• Uprating all working age benefits for 2024-25 in full, by September 2023 CPI inflation of 6.7%.

  • Closing the Universal Credit claims of individuals who have been on an open-ended sanction for over six months.

  • Legislating to increase the DWP’s access to data on benefit claimants that is held by third parties.

Bartek Staniszewski, Senior Researcher at Bright Blue, commented:

“At the start of this year, Bright Blue ambitiously called for the introduction of a ‘minimum living’ income to help low-income households. While this is not quite there, an increase in the National Living Wage is a step in the right direction. It is politically popular and morally right to ensure that everybody can meet basic living needs – an illustration of compassionate conservatism.

“It is also good to see benefits uprated in line with inflation, maintaining their efficacy in light of increasing costs of living, but it is worth mentioning that this amounts to only a 6.7% increase this year – less than the uprate to the State Pension, which is unjustified and inequitable.

“This increase in the value of benefits came with more conditionality for those who have been long-term unemployed. This is broadly the right direction of travel, as Bright Blue has consistently argued.”


  • Raising Local Housing Allowance rates to the 30th percentile of local market rents in April 2024.

  • New premium planning services across England with guaranteed accelerated decision dates for major applications and fee refunds wherever these are not met.

  • Expanding the Affordable Homes Guarantee Scheme by a further £3 billion to support housing associations to access cheaper loans for quality and energy efficiency works as well as new homes.

  • Investing £5 million to incentivise greater use of Local Development Orders in England.

  • A consultation on a new Permitted Development Right for subdividing houses into two flats without changing the façade.

Bartek Staniszewski, Senior Researcher at Bright Blue, commented:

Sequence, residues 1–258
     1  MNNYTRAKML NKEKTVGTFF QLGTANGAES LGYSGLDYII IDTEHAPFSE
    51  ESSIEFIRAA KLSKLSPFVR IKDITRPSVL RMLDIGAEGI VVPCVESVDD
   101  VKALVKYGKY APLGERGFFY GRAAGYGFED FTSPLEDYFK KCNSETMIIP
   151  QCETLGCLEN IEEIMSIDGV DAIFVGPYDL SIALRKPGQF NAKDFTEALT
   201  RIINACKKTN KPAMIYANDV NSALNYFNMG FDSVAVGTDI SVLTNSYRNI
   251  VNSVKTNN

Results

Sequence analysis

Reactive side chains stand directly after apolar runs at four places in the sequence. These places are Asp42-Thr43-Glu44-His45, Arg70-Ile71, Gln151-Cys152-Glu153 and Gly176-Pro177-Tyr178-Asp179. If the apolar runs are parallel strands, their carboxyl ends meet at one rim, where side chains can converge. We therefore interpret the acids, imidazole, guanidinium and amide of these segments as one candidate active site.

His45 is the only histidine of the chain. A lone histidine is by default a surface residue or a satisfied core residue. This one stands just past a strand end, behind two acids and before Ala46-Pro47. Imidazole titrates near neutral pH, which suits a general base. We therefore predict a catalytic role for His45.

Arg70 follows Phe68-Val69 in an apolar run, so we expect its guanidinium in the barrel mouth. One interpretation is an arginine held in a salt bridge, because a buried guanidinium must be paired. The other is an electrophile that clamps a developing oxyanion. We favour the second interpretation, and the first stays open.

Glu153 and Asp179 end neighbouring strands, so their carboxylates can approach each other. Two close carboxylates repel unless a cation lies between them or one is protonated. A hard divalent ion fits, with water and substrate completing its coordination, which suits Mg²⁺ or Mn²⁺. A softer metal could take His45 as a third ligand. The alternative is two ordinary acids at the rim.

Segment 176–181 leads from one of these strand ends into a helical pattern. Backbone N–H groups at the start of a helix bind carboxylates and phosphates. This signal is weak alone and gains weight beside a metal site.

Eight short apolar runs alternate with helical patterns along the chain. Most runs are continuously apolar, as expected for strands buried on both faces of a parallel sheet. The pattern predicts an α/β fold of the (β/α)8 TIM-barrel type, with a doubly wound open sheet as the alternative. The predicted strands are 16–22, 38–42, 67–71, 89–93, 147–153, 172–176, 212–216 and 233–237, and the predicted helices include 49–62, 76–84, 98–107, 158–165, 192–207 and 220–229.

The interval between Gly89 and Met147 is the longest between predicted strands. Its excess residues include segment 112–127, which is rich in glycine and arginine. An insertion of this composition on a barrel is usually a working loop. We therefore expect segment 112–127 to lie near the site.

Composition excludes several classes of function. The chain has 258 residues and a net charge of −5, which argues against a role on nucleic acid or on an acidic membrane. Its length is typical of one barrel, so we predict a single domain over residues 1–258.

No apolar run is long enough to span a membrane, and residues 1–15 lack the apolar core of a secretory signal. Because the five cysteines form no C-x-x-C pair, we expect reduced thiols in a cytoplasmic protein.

“This has been a good month for renters, following on from the introduction of the Renters Reform Bill. The costs of housing for UC claimants in the private rental market are inevitably a very high proportion of their income, and are a major contributor to this country’s homelessness problem. That said, the uplift merely restores Local Housing Allowance to the same level of market rents it had back in 2020. Rates will also be frozen from 2025-26 onwards, so, if rents continue to rise beyond then, poorer renters will be in significant trouble.

“The introduction of a premium planning service is promising. The fees paid by applicants in exchange for faster decisions will help with funding for Local Planning Authorities, and the threat of a refund will incentivise efficiency. The threat is that, when low on time, Local Planning Authorities will not exercise due diligence and err on the side of rejecting development. The service is also limited to major developments, and so will be of no help to small- and medium-sized developers, who are the most disadvantaged by the current planning system.”

“The other housing measures announced are disappointing and lacking in ambition. The most significant of them – a £3 billion extension to the Affordable Homes Guarantee Scheme – is only projected to deliver 20,000 new homes; nowhere near enough to address this country’s backlog of over four million homes. Extra money for Local Planning Authorities to incentivise the production of Local Development Orders and target planning backlogs is also welcome, but £5 million is a drop in the ocean, and will have negligible effect in reality. The Government had an opportunity to better support first-time buyers through a new scheme to aid first-time buyers, but it failed to do so.”


Energy and the environment

  • Setting out an Action Plan to halve the time to build new grid infrastructure to seven years and cut grid access delays by 90%.

  • £960 million for a ‘Green Industries Growth Accelerator’ to support clean energy manufacturing.

  • New Permitted Development Rights (PDR) to end the blanket restriction on heat pumps one metre from a property boundary in England.

Will Prescott, Researcher at Bright Blue, commented:

“The Government’s announcement that it would work to reduce grid connection times for new sources of low-carbon electricity by up to 90% is certainly very welcome. However, UK consumers will not enjoy the benefits of this investment for some time.”

“While simplifying the planning rules around the installation of heat pumps certainly makes sense, there are bigger deterrents to their installation, not least the high cost, especially in older houses. As such, the Government’s announcement is unlikely to dramatically increase the UK’s disappointing heat pump uptake. The Government needs now to be bolder with both carrots and sticks to ensure we decarbonise our existing housing stock.”


Notes to editors

To arrange an interview with a Bright Blue spokesperson or for further media enquiries, please contact Emily Taylor at or on 07850 684474.


  • Bright Blue is the independent think tank and pressure group for liberal conservatism.

  • Bright Blue’s Board includes Diane Banks, Philip Clarke, Alexandra Jezeph, Richard Mabey and Ryan Shorthouse.

  • Our advisory council can be found here. We also have 211 parliamentary supporters. Members of our advisory council and our parliamentary supporters do not necessarily endorse all our policy recommendations, including those included in this press release.